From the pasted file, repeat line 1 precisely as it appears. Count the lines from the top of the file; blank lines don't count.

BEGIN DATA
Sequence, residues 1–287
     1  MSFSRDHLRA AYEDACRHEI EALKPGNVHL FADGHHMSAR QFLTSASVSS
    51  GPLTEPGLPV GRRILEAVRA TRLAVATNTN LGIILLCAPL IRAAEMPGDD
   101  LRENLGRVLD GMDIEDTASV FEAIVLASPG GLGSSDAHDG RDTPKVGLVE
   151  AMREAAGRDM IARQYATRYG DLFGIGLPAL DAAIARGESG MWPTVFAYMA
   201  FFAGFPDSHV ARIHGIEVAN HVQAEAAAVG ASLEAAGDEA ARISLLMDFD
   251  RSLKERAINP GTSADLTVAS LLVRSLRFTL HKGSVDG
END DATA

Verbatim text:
Sequence, residues 1–287